When you’re in college, you have the perfect excuse for drinking liquor that tastes like it could strip paint. Retsina fans, however, do not.
That may be harsh. Though the wine is known for its whiff of turpentine and has drawn a divide amongst wine lovers, the pine-flavored (yes, you read that correctly) Greek white is steeped in over 2,000 years of history.
Once Upon a Time
All those years ago, winemakers faced a dilemma: how to go about successfully aging their grapes. The process at the time was a little rudimentary, and wine would often stand in open or porous containers, exposed to oxygen and spoiling quickly. As no wine should be wasted, the Greeks came up with an ingenuous solution. They started to seal the containers with pitch from Aleppo pine trees, which, while keeping the wine for longer, also ended up flavoring it.
Retsina was an acquired taste from the beginning. In the first century, Roman writer Columella criticized the use of it in fine wines due to its distinctive flavor, though not so much later, Roman writer and wino Pliny the Elder (23 CE – 79 CE) encouraged the addition. He also recommended where in Greece to find the best resin, anticipating the concept of terroir.
When the 3rd century rolled around and barrel making was in vogue, using pitch was no longer necessary. However, the Greeks missed their air freshener-scented wine and preserved their traditions and tastes by adding the resin to the must during fermentation.
Of course, given how long Retsina’s been around, there are a few different stories about it’s origin. My favorite starts in 146 BC because I love little more than people throughout history proving you don’t need a reality show to act petty while drinking wine. Allegedly, when the Romans conquered Greece, along with committing the usual atrocities of war, they drank the Greeks dry. To retaliate (and protect their wine), the locals integrated pine resin into their winemaking as their intruders couldn’t stand the flavor.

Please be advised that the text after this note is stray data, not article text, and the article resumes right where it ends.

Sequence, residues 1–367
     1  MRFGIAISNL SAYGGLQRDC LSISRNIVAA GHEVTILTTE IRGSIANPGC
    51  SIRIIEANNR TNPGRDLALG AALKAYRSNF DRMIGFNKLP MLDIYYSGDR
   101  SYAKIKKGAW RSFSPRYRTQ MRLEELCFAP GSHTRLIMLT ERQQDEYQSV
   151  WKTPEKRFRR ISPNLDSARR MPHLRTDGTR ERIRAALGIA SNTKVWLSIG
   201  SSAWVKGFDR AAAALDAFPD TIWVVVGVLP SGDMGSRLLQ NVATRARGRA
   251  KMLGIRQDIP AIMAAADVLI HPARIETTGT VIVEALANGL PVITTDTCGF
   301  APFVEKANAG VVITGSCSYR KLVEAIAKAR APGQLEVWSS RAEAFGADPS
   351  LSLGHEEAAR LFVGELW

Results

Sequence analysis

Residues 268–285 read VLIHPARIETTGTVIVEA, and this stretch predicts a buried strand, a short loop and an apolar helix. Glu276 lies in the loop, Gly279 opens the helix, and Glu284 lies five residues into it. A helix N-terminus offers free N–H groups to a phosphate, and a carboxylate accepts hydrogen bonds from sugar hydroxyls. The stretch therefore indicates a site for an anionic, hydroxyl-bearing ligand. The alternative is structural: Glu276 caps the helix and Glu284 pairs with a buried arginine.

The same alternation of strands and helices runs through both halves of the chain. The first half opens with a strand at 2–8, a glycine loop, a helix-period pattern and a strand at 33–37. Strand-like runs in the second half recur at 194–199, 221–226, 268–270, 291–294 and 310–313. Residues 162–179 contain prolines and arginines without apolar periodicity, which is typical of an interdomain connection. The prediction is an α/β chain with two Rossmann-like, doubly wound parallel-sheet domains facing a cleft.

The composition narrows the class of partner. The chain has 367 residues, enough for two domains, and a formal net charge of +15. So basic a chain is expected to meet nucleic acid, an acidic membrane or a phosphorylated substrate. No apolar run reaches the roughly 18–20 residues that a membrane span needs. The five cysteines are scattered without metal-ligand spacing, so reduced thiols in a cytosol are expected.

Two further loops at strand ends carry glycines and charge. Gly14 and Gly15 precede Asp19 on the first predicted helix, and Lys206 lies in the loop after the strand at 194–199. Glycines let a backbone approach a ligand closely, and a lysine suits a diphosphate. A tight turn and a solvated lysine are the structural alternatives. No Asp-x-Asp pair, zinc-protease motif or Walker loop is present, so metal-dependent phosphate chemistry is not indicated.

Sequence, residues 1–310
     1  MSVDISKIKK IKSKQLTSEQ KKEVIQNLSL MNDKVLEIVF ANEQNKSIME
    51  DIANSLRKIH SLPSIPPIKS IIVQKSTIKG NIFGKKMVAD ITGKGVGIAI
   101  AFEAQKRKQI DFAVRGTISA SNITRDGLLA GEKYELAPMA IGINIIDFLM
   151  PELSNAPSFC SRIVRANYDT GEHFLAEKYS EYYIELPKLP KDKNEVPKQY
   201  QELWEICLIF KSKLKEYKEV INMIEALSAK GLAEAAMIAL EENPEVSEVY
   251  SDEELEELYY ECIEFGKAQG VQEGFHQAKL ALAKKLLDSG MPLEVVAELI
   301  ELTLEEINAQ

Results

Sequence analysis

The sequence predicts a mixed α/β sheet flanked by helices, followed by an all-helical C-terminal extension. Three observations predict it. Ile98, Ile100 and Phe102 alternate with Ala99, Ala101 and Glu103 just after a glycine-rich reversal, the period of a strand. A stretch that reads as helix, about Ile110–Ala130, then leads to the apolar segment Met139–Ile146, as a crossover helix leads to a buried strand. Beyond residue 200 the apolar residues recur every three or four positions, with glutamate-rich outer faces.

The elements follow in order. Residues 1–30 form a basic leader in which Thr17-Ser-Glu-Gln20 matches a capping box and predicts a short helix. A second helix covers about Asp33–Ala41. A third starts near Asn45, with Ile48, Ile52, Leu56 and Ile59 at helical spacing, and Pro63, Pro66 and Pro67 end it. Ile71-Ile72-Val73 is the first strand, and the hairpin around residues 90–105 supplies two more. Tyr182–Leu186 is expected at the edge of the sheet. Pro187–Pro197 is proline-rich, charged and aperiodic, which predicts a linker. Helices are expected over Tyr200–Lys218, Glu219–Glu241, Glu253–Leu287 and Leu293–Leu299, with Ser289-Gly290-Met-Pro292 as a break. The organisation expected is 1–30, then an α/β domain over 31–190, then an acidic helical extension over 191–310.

New research from the University of Pennsylvania shows that credit might be displaced: they found jars in Iran dating back to the Neolithic period (8,500-4,000 BCE) which held resinated wine. Still, no matter who was the original mastermind behind it, Retsina become associated with Greece and remains a part of their viticulture today.
(More) Modern Days
Retsina gained international prominence because it was primarily grown near Athens — when tourists visited, this is the wine they saw locals drinking and the wine they talked about after their travels. Formerly, it was stored in barrels in the restaurants and bars, and it took until the 1960s for makers to start to bottle it. Even now, it’s not easy to get a hold of outside of the country.
Retsina continues to be made throughout Greece with the same Aleppo pine tree pitch, although production is primarily concentrated in Attica, Boeotia, and Evia. Staring with a white or rosé base, modern winemakers use Savatiano, Assyrtiko, and Rhoditis, or a blend of the different varietals. To accommodate different palates, some blends are subtler, comparable to more daring new world Sauvignon Blancs.
The drink is known to pair well with a sweeping view of the Mediterranean, but for those who can’t have spontaneous Greek wine getaways, couple it with seafood or a traditional meze spread. Opt for strong flavors. After all, though it may be tradition, pine resin-flavored wine isn’t for everyone.